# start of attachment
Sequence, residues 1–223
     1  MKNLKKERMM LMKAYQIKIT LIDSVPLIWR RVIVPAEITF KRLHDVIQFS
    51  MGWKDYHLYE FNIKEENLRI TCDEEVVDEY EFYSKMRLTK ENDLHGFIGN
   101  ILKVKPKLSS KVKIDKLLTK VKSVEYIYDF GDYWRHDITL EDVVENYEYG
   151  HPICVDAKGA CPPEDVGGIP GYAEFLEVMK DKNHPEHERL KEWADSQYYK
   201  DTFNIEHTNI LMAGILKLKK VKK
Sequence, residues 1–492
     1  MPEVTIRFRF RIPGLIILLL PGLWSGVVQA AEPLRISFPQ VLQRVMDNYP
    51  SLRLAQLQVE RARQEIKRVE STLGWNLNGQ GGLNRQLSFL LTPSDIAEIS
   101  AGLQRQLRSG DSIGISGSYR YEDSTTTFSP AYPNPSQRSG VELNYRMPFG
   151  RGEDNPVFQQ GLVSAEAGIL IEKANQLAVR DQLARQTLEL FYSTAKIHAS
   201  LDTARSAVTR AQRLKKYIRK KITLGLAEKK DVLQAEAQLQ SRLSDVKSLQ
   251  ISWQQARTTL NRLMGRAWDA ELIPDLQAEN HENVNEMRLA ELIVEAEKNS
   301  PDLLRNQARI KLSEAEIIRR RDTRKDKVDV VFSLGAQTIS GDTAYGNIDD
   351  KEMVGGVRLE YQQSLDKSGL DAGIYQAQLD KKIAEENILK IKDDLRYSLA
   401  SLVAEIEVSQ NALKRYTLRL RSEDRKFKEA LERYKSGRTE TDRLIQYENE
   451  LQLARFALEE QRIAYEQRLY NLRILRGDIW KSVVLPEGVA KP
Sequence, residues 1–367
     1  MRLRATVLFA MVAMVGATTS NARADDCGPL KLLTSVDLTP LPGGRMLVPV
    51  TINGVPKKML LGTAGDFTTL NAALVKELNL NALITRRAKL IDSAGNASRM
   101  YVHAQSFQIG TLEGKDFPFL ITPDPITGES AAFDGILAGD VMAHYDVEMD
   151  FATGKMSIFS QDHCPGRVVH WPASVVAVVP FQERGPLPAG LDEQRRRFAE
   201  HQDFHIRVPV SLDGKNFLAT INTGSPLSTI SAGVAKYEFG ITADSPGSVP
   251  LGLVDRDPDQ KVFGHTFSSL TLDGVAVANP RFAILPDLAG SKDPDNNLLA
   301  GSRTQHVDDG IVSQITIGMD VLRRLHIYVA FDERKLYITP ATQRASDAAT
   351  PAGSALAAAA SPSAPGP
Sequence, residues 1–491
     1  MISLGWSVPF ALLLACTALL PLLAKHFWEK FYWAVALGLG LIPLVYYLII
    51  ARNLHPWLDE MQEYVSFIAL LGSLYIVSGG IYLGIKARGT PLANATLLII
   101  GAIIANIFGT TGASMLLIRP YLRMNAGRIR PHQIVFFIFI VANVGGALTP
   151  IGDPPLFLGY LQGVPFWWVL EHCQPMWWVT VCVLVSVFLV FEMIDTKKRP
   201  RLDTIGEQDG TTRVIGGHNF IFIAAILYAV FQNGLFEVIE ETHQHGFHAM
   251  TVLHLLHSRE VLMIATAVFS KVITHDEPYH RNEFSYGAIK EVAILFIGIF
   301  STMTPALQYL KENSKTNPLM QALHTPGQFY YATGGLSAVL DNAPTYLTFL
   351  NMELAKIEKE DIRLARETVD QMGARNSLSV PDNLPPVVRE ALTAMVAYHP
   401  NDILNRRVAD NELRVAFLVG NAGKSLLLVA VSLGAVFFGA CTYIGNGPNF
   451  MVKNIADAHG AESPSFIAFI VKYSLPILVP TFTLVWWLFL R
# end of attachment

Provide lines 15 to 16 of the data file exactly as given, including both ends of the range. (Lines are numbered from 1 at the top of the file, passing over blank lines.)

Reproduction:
   351  KEMVGGVRLE YQQSLDKSGL DAGIYQAQLD KKIAEENILK IKDDLRYSLA
   401  SLVAEIEVSQ NALKRYTLRL RSEDRKFKEA LERYKSGRTE TDRLIQYENE